1972–1973 to US$5,918 million in 1979–1980; while imports of chemicals increased from US$335 million to US$1,093 million during the same period.14 ASEAN’s total imports from Japan showed a substantial increase over the period 1974–1982. It seems likely that this trend will be sustained at least for some years, as long as ASEAN continues its ambitious industrialization and modernization programmes. It is clear from the above analysis that Japan’s industrial development depends heavily on ASEAN’s supply of certain industrial and natural resources. In this sense, ASEAN is vital to Japan. However, ASEAN’s share in Japan’s import trade remained between 11 and 15 per cent over the period 1973–1983. In other words, in terms of value, imports from ASEAN have not constituted an important weight in Japan’s total import trade. Similarly, Japan’s exports to ASEAN have not constituted an important weight in Japan’s total export trade; they have been between 9 and 11 per cent during the period 1973–1983. In short, from Japan’s viewpoint and in terms of total value, Japan’s trade with the ASEAN countries is not as important as it might appear at first sight. From ASEAN’s viewpoint, however, trade with Japan is particularly important. During the period 1973–1982, ASEAN’s exports to Japan have been between 23 and 30 per cent of its total exports while its imports from Japan have been between 23 and 27 per cent. This is most significant in the case of Indonesia, followed by Thailand, the Philippines, and Malaysia. In some years during the period 1973– 1982, about 50 per cent of Indonesia’s exports went to Japan. As for ASEAN’s import trade, about one quarter of the imports of Thailand, the Philippines, Malaysia, and Indonesia are from Japan. Among the ASEAN countries, Singapore’s trade has been the most diversified. During the period 1973–1982, Singapore’s exports to Japan have amounted to about 10 per cent while its imports from Japan have averaged around 18 per cent (see Table 5.3). From the statistical evidence we can conclude that, firstly, Japan is a relatively important market for ASEAN but not vice versa; and secondly, Japan is a comparatively important supplier to ASEAN but not vice versa. Changes in Japan’s import and export trade with ASEAN 125

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4. The Philippines’ share in Japan’s trade Japan’s share in Philippines’ trade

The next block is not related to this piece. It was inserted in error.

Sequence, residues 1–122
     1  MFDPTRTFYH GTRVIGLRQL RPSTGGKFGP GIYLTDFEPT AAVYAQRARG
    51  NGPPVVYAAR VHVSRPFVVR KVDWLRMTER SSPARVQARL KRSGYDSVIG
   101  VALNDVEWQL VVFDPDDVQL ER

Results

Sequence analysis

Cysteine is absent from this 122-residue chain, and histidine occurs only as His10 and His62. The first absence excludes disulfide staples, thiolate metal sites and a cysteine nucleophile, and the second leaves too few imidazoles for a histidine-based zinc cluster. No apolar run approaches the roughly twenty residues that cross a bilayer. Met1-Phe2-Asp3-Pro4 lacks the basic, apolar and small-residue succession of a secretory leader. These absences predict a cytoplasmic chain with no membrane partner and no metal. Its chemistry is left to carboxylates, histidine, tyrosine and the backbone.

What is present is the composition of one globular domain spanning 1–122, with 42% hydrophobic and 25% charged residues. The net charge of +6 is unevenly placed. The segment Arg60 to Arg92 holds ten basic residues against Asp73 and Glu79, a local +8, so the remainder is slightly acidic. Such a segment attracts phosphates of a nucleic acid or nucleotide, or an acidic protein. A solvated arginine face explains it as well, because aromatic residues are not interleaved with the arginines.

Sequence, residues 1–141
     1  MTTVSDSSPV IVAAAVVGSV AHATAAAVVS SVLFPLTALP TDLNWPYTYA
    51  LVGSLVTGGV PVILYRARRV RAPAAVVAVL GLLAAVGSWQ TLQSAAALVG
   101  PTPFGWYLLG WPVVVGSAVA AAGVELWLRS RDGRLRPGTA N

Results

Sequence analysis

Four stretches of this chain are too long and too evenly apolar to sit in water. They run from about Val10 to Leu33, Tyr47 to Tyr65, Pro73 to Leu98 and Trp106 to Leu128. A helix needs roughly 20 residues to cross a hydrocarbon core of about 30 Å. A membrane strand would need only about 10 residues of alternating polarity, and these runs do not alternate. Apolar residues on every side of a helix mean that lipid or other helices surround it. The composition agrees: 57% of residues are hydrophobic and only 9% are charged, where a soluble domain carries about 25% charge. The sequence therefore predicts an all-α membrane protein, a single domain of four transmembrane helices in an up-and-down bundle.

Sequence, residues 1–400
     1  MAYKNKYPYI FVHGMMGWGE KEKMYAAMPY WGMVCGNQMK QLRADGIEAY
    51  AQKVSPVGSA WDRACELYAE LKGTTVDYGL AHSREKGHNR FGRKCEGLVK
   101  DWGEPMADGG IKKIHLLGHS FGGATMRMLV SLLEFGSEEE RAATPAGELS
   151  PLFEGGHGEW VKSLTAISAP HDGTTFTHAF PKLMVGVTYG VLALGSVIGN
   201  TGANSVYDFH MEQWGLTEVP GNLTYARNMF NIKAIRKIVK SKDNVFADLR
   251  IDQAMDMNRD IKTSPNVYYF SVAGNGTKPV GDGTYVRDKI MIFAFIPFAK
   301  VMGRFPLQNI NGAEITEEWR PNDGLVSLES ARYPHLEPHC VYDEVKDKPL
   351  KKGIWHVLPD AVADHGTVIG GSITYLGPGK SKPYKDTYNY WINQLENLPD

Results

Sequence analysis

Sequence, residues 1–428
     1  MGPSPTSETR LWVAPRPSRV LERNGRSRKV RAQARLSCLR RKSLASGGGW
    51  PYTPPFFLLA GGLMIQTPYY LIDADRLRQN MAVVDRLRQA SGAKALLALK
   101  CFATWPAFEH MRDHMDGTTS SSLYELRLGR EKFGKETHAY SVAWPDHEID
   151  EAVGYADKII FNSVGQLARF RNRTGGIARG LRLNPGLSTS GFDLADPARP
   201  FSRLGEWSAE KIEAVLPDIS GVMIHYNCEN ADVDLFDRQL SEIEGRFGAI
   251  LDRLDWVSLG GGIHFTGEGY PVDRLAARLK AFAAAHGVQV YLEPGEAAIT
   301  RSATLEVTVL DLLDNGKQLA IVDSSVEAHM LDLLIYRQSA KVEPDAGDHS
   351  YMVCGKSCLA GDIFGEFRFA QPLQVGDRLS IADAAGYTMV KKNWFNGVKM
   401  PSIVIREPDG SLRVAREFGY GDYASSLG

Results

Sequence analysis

3. Malaysia’s share in Japan’s trade Japan’s share in Malaysia’s trade

2. Indonesia’s share in Japan’s trade Japan’s share in Indonesia’s trade

1. ASEAN’s share in Japan’s trade* Japan’s share in ASEAN’s trade** 2.6 3.3 2.4 2.2 2.1 2.1 2.7 2.7 3.1 2.4

13 10 10 1 1 1? 15 16 16 18 1Q

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11/6/07, 12:22 PM

1.6 1.8 1.7 1.4 1.6 1.6 1.3 1.3

1.3

1.2

36.0 34.9 37.8 24.3 23.2 24.0 26.4 26.6 21.8 22.9 n.a.

1.7

17.7 16.9 14.3 21.1 20.5 21.7 23.9 22.8 22.1 20.9 n.a.

P

53.2 53.5 44.1 41.7 40.2 39.2 46.1 49.3 47.3 51.5 n.a.

2.4 7.4 5.9

6.0

7.0

6.6

8.0

9.4

9.3

9.1

8.2

1.6

1.2

2.0

2.2

2.4

3.0

2.5

2.0

2.3

2.5

1.8

1.9

1.2

1.3

1.3

1.4

1.4

1.2

1.2

1.0

Continued on next page

31.3 26.8 27.2 27.1 25.1 26.7 22.6 19.9 18.8 20.0 n.a.

2.1

21.6 22.0 20.1 21.2 23.4 23.1 23.5 22.8 24.4 24.2 n.a.

?0

29.3 29.4 31.0 26.2 27.1 30.1 29.1 31.5 30.1 28.3 n.a.

5.8

27.3 25.5 25.5 24.6 25.1 25.9 23.7 22.6 23.3 22.8 n.a.

8.9

28.2 28.5 26.5 24.6 22.6 23.0 25.3 24.4 23.1 24.0 n.a.

8.5

11.5 12.9 11.0 11.3 12.5 12.5 14.8 15.2 14.6 14.8 13.7

9.0 9.5 10.1 10.0 10.7 10.2

9.7 10.5

1973 1974 1975 1976 1977 1978 1979 1980 1981 1982 1983

1973 1974 1975 1976 1977 1978 1979 1980 1981 1982 1983

9.8

Imports

(%) Exports

Table 5.3 The Asymmetry inJapan-ASEAN Trade Relations, 1973–1983

Japan and China

05 Japan&China Ch 5

127

2.5

1.7 1.7 1.6 1.7

9.5

2.3 2 1

8.7 10.3

2.7

1.6

9.7

2.4

1.7

9.6

2.6 2.9 39 30

1.5 1.5 1.4 1.7

8.1 10.1 10.9 n.a.

3.0

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JETRO, White Paper on International Trade, various issues. Ministry of Foreign Affairs, Statistical Survey of Japan’s Economy, (Japan, 1981). Department of Statistics, Economic and Social Statistics, Singapore 1960–1982, (Singapore, 1983) IMF, Direction of Trade Statistics, various issues.

ASEAN’s imports from Japan Imports: ————————————— × 100 ASEAN’s total imports

ASEAN’s exports to Japan ** Exports: ———————————— × 100 ASEAN’s total exports

Source:

Japan’s imports from ASEAN Imports: ————————————— × 100 Japan’s total imports

26.1 25.8 27.6 25.8 19.7 20.5 20.7 15.1 14.2 13.6 n.a.

1.9

8.0 11.4

2.5 1.0 0.7 0.9 1.1

1.3

1.1

1.4

1.4

1.2

1.1

1.3

1.2

1.0

1.1

1.1

0.8

0.7

0.8

0.8

36.0 31.4 32.4 32.5 32.4 30.7 26.3 21.2 24.3 23.8 n.a.

1.0

18.3 17.9 16.9 16.0 17.5 19.1 17.0 17.8 18.8 17.9 n.a.

0.6

1973 1974 1975 1976 1977 1978 1979 1980 1981 1982 1983

1973 1974 1975 1976 1977 1978 1979 1980 1981 1982 1983